UK supermarket inflation rises to 9% due to coffee & chocolate as government in talks for price cap
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The rate of price increases at supermarkets in the UK has hit a new high in the year to May due to chocolate, coffee and non-food goods. Although the cost of fresh food has fallen, the cost of commodities has jumped.
The rate of food price hikes slowed down in May after falling energy prices and commodity costs began to filter through to consumers, retailer trade body the British Retail Consortium (BRC) has found. According to its latest monthly Shop Price Index, which it publishes in conjunction with data analysts NielsenIQ, overall food inflation sat at 15.4% between May 1 and 7 - down from 15.7% the previous month.
Within this statistic, the rate of hikes for fresh food remained higher at 17.2%, but had itself decelerated from April’s rate of 17.8%. According to the latest BRC-NielsenIQ calculations, people in the UK faced food price inflation of 15.4% in the first calendar week of May.
In practice, the figures mean a food item that cost £1 a year ago is now an average of 15p more expensive.
The government is in talks about asking supermarkets to cap prices on food items to help with the cost of living. An agreement, which would be voluntary, would limit the cost of basic foods such as bread and milk.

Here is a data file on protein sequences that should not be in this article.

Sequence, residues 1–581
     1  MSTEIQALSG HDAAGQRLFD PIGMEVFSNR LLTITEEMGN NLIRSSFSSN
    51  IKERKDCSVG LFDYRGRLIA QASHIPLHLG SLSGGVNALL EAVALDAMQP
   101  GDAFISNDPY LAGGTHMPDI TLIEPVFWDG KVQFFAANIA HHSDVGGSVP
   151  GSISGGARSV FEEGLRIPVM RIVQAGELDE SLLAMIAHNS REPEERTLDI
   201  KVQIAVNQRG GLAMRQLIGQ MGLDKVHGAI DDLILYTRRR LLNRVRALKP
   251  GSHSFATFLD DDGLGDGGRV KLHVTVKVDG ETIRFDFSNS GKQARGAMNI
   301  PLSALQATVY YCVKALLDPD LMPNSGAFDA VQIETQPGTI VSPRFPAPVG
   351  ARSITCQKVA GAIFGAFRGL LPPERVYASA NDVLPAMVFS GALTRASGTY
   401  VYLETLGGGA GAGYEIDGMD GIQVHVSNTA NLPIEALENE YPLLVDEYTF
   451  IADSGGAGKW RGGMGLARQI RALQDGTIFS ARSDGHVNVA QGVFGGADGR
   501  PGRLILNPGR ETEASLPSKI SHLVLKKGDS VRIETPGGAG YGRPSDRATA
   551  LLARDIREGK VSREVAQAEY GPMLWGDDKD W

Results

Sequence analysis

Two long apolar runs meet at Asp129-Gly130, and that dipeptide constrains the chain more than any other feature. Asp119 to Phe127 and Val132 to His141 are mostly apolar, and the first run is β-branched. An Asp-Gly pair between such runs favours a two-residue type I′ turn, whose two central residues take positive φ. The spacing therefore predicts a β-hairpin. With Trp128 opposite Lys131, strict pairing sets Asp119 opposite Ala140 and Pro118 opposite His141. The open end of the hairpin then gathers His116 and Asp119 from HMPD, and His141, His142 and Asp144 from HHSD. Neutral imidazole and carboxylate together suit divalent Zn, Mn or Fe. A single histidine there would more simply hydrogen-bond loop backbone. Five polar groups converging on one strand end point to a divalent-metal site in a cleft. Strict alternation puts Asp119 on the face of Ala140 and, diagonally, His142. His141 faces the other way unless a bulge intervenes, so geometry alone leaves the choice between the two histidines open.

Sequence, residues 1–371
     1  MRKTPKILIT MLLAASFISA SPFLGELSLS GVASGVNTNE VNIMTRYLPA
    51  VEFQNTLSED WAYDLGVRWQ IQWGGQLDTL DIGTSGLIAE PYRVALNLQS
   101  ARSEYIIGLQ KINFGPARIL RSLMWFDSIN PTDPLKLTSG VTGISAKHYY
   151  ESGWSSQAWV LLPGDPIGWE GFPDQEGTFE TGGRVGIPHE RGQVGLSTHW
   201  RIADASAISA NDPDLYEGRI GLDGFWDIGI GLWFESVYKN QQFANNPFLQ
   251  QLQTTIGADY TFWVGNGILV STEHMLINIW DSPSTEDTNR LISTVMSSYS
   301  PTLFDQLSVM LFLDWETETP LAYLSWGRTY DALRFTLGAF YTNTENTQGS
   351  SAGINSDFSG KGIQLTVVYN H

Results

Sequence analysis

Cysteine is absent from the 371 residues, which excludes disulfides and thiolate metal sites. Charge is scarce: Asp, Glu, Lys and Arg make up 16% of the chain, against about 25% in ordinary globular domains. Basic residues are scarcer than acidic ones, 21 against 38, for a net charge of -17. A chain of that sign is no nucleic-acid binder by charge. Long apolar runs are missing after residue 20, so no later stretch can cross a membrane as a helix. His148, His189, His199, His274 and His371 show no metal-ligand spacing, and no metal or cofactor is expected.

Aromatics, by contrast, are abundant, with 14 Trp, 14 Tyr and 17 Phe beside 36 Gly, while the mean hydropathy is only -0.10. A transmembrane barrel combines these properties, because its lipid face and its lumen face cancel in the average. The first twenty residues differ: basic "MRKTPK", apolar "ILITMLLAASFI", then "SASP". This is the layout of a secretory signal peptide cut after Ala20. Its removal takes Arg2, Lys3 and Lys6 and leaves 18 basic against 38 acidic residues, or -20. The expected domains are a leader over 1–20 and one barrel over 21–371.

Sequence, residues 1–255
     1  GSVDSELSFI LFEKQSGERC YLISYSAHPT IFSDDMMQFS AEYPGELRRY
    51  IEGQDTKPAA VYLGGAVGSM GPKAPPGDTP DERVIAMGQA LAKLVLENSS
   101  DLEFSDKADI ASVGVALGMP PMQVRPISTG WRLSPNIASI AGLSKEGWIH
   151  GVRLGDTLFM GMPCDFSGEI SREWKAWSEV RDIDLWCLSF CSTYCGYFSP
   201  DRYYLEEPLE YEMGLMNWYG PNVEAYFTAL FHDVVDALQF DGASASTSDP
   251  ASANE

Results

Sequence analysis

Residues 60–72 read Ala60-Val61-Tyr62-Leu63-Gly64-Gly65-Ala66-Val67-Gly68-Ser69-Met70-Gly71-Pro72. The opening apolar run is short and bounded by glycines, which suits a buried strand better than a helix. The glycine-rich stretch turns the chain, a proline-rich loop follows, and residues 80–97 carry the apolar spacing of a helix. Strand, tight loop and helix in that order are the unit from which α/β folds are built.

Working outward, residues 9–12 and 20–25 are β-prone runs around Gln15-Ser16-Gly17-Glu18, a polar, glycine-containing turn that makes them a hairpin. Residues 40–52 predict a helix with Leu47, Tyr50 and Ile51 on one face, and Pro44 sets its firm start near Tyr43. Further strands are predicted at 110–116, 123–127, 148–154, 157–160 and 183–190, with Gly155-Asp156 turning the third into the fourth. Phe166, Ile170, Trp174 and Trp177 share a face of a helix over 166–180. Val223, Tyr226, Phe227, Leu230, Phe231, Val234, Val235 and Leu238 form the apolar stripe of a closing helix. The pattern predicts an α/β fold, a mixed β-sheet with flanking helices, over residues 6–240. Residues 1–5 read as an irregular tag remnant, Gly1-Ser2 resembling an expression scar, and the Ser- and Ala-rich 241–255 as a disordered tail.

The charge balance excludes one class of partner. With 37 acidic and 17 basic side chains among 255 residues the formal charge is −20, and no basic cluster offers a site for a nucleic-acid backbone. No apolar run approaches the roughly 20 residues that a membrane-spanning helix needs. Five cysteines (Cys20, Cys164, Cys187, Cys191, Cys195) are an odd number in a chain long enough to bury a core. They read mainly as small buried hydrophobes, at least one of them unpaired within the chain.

But the BRC has dismissed caps, stating the government should focus on cutting red tape so resources could be “directed to keeping prices as low as possible”, as opposed to “recreating 1970s-style price controls”.
Overall shop price inflation, including non-food products, climbed from 8.8% to 9% between April and May. The BRC said this figure was also a record high. But the trade body sounded a positive note about the statistics. BRC chief executive Helen Dickinson said there were signs that we could soon see price inflation decelerate in stores.
Helen Dickinson OBE, Chief Executive, British Retail Consortium said: “While overall shop price inflation rose slightly in May, households will welcome food inflation beginning to fall. The slow in inflation was largely driven by lower energy and commodity costs starting to filter through to lower prices of some staples including butter, milk, fruit and fish.
“Conversely, the price of chocolate and coffee rose on the back of the ongoing high global costs for these commodities. While non-food inflation rose, consumers are benefitting from heavy discounts in footwear as well as books and home entertainment.”
Mike Watkins, Head of Retailer and Business Insight, NielsenIQ said: “To help mitigate the impact of inflation, shoppers are saving money by looking for seasonal promotions on the high street and taking advantage of the price reductions offered by supermarket loyalty schemes.
“Food retailing in particular is competitive, so hopefully the recent price cuts in fresh foods is a sign that inflation has now peaked, albeit ambient inflation may take a little while longer to slow.”